West teacher was at the White House Egg Roll when an armed threat occurred nearby at the Capitol
By Jessica Steger, Current Staff
When the office of a senator calls, you answer.
Tanya Lohr, West social studies teacher, received a call March 25 from the office of Sen. Tammy Baldwin as she and her family were traveling to Washington, D.C. to visit her brother over spring break.
“They were like, ‘We just got tickets for your family to go to the egg roll at the White House, would your family like to attend?,’ and I was like oh my gosh… So our whole van was just yelling and screaming, we were so excited,” Lohr said.
The reason Lohr and her family were invited was because of some of her recent political achievements in the Washington County area. The annual Egg Roll event is held on the Monday after Easter.
“There’s tons of activities to do,” Lohr said. “So they have the egg roll itself, and that’s a very longstanding tradition where children have lanes and you get a wooden stick and you get a hard-boiled egg. It’s a contest. They say go and it’s how fast you can roll the egg across the lawn to the finish line.”
There were also the traditional activities of an egg hunt and egg dyeing, along with less traditional activities, she added.
One such activity involved Silento, the singer of “Watch Me (Whip/Nae Nae).”
“It’s a stage and it’s Silento, and he had a couple of different celebrities up there too,” Lohr said. “And so they were teaching the crowd how to whip and nae nae. So I learned how to do that on the White House lawn.”
Aside from this prominent singer, a few other well-known singers attended the Egg Roll event. Performers included Idina Menzel, the singer of “Let it Go” from the movie “Frozen,” and Daya, who sings “Hide Away.”
“I really enjoyed the music stage,” Lohr said. “It was really cool because it was, you know, a smaller group of people so everyone was pretty up front. And I always think it is better to hear the music live rather than recorded.”
According to Lohr, there were also many activities to interest the more sports-oriented kids.
“They also had a basketball clinic area, and so it was actually on the presidential basketball courts,” Lohr said. “So they had actual NBA and WNBA players that were running the clinic. They had a pass, punt and kick area for football and they had actual NFL players that were running that.” She added that there was also a yoga area under the well-known balcony on the left lawn that is often shown in pictures.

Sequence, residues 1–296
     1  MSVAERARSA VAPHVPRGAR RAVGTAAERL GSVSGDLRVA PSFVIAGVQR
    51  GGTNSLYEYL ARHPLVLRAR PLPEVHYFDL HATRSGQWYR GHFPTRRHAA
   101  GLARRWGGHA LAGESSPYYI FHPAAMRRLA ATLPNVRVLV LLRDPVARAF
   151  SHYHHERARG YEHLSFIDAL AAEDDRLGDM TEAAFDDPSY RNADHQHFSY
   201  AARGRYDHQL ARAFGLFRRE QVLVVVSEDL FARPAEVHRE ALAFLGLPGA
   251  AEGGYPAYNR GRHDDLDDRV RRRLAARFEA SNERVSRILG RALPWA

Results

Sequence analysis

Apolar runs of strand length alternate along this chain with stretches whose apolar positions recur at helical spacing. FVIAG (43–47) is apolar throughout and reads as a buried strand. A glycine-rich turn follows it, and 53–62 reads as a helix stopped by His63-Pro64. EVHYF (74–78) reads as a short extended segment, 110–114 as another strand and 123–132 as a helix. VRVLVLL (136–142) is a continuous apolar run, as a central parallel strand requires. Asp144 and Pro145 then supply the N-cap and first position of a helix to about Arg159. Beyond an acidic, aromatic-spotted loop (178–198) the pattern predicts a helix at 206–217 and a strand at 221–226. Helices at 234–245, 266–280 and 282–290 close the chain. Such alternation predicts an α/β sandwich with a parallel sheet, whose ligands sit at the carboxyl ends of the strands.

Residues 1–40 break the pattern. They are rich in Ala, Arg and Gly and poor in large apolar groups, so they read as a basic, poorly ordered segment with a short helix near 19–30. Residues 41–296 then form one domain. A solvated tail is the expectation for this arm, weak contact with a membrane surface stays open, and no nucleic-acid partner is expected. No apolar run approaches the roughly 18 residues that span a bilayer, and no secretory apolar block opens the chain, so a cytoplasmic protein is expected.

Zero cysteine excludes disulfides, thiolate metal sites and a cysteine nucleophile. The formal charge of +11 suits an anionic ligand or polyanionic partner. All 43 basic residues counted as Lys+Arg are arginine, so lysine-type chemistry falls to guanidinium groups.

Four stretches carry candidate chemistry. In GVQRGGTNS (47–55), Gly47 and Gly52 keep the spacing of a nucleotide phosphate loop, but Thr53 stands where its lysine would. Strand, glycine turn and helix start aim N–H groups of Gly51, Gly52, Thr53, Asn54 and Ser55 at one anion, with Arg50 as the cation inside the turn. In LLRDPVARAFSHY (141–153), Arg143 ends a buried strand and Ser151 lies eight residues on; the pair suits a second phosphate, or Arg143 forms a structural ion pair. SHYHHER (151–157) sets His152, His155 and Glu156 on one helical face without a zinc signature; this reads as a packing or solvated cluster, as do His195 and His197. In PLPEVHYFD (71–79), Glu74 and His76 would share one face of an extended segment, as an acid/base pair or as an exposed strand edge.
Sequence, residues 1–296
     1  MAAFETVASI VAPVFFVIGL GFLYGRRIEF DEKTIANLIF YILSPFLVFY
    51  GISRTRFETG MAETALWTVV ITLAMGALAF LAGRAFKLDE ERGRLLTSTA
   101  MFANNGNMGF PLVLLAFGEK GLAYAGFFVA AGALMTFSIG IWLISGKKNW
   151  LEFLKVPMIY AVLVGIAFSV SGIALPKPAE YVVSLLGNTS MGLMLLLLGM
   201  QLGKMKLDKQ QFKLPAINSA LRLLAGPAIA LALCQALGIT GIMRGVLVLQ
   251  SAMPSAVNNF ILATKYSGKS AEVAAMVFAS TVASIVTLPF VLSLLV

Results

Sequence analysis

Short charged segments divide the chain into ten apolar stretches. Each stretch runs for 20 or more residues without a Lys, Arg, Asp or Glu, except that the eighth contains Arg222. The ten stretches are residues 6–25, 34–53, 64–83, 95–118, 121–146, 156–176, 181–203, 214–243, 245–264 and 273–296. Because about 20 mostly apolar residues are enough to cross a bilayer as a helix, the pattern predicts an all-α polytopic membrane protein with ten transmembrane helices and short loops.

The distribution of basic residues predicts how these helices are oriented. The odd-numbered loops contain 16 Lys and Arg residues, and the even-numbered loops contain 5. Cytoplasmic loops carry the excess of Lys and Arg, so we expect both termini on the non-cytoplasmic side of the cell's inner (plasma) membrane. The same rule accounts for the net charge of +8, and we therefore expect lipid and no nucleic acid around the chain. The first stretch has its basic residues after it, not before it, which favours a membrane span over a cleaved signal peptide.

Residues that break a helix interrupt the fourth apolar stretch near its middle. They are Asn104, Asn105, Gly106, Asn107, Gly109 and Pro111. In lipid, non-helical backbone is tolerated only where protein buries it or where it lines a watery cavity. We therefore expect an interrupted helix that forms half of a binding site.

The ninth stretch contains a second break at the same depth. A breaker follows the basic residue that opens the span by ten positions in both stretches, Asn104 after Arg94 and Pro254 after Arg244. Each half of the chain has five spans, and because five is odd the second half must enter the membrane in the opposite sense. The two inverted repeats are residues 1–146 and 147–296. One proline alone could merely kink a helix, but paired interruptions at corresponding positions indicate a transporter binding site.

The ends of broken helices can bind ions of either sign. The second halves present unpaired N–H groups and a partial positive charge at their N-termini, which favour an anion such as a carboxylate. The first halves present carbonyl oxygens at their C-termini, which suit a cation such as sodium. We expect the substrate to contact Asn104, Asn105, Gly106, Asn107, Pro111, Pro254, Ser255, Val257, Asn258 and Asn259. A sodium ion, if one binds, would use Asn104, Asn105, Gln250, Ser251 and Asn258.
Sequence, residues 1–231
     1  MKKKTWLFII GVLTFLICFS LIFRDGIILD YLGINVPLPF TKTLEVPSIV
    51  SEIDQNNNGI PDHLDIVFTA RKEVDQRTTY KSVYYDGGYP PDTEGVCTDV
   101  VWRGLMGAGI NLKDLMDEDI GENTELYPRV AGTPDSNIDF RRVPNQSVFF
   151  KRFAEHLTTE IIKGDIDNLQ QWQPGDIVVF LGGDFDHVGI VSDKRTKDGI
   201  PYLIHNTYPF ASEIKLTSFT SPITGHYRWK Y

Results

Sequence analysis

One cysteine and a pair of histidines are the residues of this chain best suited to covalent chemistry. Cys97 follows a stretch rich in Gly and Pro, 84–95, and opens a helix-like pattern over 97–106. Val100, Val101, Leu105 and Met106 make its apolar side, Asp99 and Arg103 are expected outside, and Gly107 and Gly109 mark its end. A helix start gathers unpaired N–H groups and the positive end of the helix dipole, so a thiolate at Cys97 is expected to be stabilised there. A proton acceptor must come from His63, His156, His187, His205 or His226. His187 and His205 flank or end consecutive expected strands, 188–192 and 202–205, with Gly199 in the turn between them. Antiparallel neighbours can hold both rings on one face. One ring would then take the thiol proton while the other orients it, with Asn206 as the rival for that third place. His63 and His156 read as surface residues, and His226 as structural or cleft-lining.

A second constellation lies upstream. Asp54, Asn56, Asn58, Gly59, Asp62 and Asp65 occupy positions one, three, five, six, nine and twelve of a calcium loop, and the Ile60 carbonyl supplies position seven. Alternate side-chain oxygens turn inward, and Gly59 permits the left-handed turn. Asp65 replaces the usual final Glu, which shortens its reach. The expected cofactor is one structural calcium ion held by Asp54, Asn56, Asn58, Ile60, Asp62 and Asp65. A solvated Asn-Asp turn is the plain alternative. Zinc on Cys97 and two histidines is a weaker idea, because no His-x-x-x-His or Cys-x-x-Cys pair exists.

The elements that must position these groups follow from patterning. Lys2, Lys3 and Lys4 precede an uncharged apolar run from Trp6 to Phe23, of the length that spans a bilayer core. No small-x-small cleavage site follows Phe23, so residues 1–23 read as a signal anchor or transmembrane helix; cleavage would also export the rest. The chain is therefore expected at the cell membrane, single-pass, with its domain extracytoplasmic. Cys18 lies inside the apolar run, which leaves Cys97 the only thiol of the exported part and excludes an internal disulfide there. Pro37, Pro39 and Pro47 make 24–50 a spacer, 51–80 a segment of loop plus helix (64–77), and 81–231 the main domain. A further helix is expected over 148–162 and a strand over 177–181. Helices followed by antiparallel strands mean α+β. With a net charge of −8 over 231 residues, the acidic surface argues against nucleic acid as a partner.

There was an area for food in which stars from the Food Network were teaching families how to make healthy snacks. There was even an area where famous people read children’s stories to the crowd, such as Shonda Rhimes, who writes and produces “Grey’s Anatomy,” and the family from “Black-ish.”
Unfortunately, Lohr and her family did not have the opportunity to meet or see President Obama.
“We were not there when President Obama and Mrs. Obama were there, so we did not meet any famous people other than the people doing the demonstrations,” Lohr said.
However, what struck Lohr the most about being at the White House was the high level of security.
“It is as big and awesome as everyone says it is,” Lohr said.” We had to go through two different levels of security to get in, and got the whole FBI check and wanding, and metal detectors and searching.”
Her son noticed snipers on the roof, and then began to notice Secret Service agents. “I had to explain to him issues of national security, and how they had to keep guard at all times,” Lohr said.
Right after Lohr’s family left the White House, her phone was bombarded with messages and calls. She saw that her sister-in law was calling, and when Lohr answered she discovered that there had been a shooting at the Capitol and D.C. was being locked down.
“I started looking around, and I had noticed just as we were leaving the White House that these carts of Secret Service guys, with like 10 Secret Service guys on it, had started to drive in,” Lohr said. “And I noticed that they had started to close some of the gates.”
Following the suggestion of her sister-in law, Lohr and her family began to move away from the White House and towards the memorials. When she went to the Jefferson Memorial, she noticed a sniper right at the door. She asked him whether he was usually stationed there, and he replied no, he was there because of the shooting.
“The shooting was at the Capitol, which I would say was about a mile away from where we were at the White House,” Lohr said. “It was interesting to see how they automatically started shutting things down and bringing in security.”
According to news reports, the shooter was a single man who pulled out a gun right before he went through the metal detector at the Capitol Visitor Center. As soon as the man pulled out his gun, security shot him immediately. The man faces charges of assault with a deadly weapon and assault on a police officer while armed. One bystander was injured by shrapnel.
“It was a very short period of time when there was actually any safety concern, so it was a blip in the news,” Lohr said.
Despite the threat, the trip inspired Lohr’s 10-year-old daughter, whose goal is to become president of the United States one day.
“We’ve been talking about who lived in the White House and we were we going through the family and she said, ‘You know what Mom, when I’m president I’ll let you visit me in the White House,’ and I was like, ‘Uhhh, visit you? I’m going to live with you,’” Lohr said.
(Photographs courtesy of Tanya Lohr.)